I'm doing some analysis on the logs I've kept for Mowser over the past few months. It got roughly 2.6MM mobile page views in October, and 3.25MM in November - and adding a bit for December and I have 6,605,088 records to parse. What I wanted to determine first off is a way of making a better guesstimate at my Unique Users as it's a real pain in the ass to determine since every phone out there goes through some sort of centralized IP from the carrier.
I think I've mentioned this before, but for every mobile page that I serve, I write a row in my database with the standard log stuff like request and referrer, but also I serialize the entire PHP $_SERVER object and throw it into a blob as well so I can analyze it later (there's lots of stuff that just doesn't appear in an extended Apache log). Well, now is later... So I just wrote a little script that went through the stored request blobs, de-serialized them, and pulled out the HTTP headers into a unique array, so I could start to look at them and figure out how to determine MSISDN numbers or other unique identifiers. Pretty straight forward, right?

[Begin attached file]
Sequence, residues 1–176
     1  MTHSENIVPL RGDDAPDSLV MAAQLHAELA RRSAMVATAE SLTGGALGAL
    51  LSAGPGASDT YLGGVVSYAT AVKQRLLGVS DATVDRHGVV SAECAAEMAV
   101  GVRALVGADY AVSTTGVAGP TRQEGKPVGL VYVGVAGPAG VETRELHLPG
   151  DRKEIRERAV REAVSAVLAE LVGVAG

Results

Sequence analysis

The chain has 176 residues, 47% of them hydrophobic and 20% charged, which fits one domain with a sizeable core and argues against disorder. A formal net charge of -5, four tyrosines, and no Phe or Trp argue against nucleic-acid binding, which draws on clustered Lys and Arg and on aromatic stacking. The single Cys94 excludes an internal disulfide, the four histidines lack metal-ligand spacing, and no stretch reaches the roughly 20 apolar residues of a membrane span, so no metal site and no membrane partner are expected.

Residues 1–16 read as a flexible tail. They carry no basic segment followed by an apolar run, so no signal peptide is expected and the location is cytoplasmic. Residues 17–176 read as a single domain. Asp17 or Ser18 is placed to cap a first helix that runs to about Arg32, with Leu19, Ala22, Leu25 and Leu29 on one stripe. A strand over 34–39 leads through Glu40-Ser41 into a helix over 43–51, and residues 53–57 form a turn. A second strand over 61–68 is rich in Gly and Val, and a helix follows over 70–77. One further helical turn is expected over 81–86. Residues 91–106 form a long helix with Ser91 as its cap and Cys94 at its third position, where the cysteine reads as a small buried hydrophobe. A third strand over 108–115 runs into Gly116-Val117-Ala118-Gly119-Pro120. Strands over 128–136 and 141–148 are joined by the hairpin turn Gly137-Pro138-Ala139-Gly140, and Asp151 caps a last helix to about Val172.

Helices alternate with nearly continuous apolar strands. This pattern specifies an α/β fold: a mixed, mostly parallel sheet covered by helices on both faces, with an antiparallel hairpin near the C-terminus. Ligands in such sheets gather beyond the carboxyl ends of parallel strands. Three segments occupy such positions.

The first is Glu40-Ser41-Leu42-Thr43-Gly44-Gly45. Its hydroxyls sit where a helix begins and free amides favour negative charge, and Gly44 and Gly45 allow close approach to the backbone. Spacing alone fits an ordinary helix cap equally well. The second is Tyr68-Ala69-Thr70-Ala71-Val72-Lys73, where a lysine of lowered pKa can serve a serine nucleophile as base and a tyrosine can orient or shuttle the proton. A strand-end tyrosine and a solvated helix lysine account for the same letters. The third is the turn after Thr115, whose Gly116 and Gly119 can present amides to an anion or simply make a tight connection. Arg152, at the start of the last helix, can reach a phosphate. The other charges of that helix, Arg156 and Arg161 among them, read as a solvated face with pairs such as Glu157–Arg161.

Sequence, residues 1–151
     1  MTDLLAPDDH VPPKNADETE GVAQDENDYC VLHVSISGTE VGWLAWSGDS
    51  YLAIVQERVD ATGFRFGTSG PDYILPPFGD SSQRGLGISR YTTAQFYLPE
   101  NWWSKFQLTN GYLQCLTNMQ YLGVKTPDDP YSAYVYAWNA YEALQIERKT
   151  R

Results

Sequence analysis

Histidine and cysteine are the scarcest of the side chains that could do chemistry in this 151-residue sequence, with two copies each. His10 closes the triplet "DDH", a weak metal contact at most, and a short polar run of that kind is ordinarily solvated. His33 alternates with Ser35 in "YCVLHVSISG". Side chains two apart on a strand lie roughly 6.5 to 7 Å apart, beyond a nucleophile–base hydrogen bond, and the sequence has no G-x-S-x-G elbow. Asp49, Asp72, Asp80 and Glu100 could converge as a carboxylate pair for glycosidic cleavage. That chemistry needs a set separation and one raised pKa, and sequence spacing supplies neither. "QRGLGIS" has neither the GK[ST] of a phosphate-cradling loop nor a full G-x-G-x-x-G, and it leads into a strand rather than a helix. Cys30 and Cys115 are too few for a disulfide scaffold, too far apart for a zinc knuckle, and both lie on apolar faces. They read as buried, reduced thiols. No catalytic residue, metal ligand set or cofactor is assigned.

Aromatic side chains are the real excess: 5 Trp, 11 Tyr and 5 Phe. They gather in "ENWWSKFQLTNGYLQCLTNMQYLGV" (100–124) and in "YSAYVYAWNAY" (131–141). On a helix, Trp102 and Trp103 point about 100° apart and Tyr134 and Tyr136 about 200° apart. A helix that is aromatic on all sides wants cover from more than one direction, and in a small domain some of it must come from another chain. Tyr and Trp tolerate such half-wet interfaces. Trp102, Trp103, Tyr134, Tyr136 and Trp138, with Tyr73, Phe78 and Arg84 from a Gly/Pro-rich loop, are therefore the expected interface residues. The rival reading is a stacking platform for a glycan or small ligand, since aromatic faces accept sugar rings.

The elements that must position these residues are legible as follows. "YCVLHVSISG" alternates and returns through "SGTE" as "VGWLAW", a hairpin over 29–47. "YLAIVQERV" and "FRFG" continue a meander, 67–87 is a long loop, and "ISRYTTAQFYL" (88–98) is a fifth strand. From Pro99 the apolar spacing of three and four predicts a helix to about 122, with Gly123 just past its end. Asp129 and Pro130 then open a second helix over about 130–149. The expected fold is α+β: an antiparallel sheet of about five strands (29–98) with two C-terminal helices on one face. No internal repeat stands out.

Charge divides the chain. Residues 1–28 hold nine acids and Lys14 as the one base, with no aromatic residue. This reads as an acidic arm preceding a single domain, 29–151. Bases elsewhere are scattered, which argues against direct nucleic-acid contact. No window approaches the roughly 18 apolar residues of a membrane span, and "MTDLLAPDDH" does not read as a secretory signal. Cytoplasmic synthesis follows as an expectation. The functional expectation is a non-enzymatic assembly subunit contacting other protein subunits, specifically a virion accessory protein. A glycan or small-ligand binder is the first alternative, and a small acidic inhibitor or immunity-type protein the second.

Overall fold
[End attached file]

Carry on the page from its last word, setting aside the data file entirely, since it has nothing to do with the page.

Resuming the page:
Now, I understand that HTTP headers are extensible - Mowser adds a few itself in addition to the standard proxy ones it passes , but how many would you think there were? 100? 200? Nope. To my bewilderment, there were 599 unique HTTP header types passed the server. Which considering the millions of page views, might not actually be all that bad, but as I'm starting to slog through them it seems like a fuck of a lot to me.
Is this a surprise to you? Maybe I just never paid attention before... but wow. If you'd like the list, I threw the output of the script in a text file here. It's not the most interesting chunk of data in the world, but really goes to show how much data is being passed around right under our noses, so I thought I'd share.
I think the next step will be to re-run the query, but this time keeping track of the count in hopes some of the more popular headers bubble up to the top. Wish me luck.